Introduction: Glioblastoma (GBM) is the most common malignant brain tumor with a median survival of 15 months despite surgery and aggressive radio-chemotherapy. The most important mechanism of TMZ resistance is the O6-methylguanine-DNA methyltransferase (MGMT) gene which repairs temozolamide-induced DNA methylation. The MGMT inhibitor O6-benzylguanine (BG) has demonstrated efficacy in depleting MGMT and maximizing tumor response in early phase clinical trials. However, because MGMT expression is also low in hematopoietic cells, this has resulted in unacceptable bone marrow toxicity, and this approach has been abandoned. We hypothesized that chemoprotection of hematopoietic progenitor cells (HPC) with an MGMT mutant (MGMT-P140K) characterized by normal methyltransferase activity coupled with low affinity for BG, would maximize anti-tumor response while enabling patients to tolerate TMZ & BG dose escalation with minimal toxicity. We thus performed a phase I trial to test this hypothesis.
Methods: We treated 10 consecutive newly diagnosed GBM patients with standard surgery and radiation, followed by transplantation with autologous CD34+ hematopoetic progenitor cells engineered to express MGMT-P140K using a lentiviral vector using three different arms. To assess chemo-protection, patients’ blood counts and transgene marking were monitored during the treatment as was tumor growth and survival.
Results: The viral transduction rates were 2.5-75% and were clearly improved in the third arm with intra-patient dose escalation. P140K-MGMT gene markings in peripheral blood and bone marrow cells increased 3-26-fold with only mild (Grade 2-3) mylosuppression consistent with chemo-selection and chemo-protection as hypothesized. Survival ranged from 20-36 months which exceeded their RPA predicted survival by 1.9-3.2 fold suggesting clinical benefit (mean 2.0). Viral insertion site analysis failed to demonstrate clonal dominance.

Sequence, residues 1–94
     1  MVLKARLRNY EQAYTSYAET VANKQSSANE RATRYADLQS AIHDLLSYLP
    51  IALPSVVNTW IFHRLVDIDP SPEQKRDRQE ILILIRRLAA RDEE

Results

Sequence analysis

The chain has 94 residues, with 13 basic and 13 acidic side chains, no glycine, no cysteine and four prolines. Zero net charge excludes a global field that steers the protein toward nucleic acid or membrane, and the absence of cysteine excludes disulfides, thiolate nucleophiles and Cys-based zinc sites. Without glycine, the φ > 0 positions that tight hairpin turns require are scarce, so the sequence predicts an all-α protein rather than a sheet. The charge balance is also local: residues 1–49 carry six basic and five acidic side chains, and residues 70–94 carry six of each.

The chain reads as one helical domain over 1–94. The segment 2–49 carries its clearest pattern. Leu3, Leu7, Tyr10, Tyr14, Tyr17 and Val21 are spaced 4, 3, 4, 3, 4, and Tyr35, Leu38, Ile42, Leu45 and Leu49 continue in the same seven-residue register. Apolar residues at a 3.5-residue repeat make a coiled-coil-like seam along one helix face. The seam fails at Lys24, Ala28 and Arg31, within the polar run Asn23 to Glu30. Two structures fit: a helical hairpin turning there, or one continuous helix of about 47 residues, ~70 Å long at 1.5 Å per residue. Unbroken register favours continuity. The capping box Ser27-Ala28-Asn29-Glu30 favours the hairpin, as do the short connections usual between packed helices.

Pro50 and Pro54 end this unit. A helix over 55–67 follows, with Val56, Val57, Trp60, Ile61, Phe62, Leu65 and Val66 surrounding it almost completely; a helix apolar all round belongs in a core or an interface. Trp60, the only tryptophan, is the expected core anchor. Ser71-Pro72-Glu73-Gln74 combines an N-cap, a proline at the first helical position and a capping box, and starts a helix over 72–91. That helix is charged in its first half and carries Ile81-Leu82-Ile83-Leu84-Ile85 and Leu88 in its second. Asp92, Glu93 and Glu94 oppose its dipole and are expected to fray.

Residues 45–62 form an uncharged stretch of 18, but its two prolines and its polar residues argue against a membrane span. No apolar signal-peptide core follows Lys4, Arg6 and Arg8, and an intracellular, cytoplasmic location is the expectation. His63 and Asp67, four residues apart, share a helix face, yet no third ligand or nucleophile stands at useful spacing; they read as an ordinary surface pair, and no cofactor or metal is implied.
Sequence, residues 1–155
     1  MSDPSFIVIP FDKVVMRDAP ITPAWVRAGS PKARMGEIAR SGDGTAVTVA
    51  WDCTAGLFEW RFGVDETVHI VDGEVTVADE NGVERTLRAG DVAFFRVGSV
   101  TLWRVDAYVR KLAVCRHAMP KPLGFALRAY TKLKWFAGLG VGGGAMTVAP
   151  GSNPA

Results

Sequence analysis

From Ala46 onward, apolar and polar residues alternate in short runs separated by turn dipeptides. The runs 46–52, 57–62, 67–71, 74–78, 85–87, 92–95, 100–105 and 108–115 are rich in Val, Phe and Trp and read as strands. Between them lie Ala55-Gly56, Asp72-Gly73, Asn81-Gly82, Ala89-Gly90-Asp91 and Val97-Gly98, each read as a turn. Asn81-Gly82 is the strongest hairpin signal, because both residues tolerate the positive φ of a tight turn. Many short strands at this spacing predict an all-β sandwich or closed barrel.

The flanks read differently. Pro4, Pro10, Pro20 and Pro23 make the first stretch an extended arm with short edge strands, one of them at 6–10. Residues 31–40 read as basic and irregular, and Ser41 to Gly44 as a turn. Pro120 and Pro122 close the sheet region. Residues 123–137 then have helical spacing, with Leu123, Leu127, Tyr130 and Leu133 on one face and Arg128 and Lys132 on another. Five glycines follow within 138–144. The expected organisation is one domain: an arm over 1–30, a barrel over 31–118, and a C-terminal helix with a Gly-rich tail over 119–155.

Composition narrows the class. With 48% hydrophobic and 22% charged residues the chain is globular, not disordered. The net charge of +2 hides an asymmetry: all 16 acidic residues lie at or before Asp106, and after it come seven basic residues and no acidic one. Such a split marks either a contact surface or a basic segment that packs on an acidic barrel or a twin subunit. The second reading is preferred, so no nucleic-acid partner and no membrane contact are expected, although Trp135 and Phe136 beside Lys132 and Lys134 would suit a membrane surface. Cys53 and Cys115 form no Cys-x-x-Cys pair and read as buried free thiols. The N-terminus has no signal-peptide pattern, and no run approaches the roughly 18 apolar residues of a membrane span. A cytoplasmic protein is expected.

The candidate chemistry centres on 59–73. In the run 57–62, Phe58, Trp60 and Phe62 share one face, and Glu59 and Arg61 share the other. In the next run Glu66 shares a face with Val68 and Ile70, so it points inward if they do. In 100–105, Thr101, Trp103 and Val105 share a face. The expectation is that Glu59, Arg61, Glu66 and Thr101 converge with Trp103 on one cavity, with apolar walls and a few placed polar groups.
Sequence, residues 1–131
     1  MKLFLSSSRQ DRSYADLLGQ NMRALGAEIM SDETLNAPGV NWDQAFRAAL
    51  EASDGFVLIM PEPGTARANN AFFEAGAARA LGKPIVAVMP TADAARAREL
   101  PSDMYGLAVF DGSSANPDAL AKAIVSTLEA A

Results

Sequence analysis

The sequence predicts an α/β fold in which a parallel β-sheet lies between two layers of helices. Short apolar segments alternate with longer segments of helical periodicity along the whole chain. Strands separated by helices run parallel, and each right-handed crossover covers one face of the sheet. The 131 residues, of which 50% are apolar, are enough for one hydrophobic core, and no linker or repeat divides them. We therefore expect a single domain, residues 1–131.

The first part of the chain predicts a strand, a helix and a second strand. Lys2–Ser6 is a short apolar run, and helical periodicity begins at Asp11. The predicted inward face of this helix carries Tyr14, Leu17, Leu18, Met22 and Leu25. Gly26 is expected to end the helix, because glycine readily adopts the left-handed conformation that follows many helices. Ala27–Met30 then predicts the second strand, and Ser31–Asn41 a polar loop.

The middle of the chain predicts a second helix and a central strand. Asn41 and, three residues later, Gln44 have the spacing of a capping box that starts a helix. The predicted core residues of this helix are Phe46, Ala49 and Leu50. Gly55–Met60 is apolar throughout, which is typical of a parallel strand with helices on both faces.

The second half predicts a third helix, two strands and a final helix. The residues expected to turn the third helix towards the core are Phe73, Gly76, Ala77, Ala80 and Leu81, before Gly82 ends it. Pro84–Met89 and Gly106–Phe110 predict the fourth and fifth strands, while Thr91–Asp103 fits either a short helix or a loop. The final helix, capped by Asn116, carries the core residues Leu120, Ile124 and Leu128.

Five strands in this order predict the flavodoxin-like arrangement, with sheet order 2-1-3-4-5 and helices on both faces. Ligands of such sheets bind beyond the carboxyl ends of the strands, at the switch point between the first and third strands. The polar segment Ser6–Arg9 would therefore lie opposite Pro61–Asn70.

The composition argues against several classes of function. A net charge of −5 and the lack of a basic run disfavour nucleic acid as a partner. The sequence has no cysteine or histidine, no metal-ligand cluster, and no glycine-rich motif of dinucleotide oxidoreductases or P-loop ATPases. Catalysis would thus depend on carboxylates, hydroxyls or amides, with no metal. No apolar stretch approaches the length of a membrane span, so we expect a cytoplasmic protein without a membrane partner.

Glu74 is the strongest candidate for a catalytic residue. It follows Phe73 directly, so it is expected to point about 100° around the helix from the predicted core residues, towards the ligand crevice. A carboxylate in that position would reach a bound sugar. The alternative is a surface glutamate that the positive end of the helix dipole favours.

Conclusions: These preliminary results demonstrate that this chemoprotection strategy is tolerable, safe, and facilitates TMZ & BG dose escalation resulting in increased survival. A phase II study is ongoing.
Patient Care: If are phase I findings are confirmed in phase II studies now underway, we will "chemoprotect" the bone marrow, enabling patients to tolerate dose-dense chemotherapy, leading to improved survival for patients with GBM.
Learning Objectives: 1) Understand and explain the mechanism of action of temozolamide; 2) Explain the relationship between MGMT Promotor Methylation in GBM in Survival; 3. Describe the advantages and disadvantages of inhibiting MGMT in patients with GBM; 4) Describe the concept of chemoprotection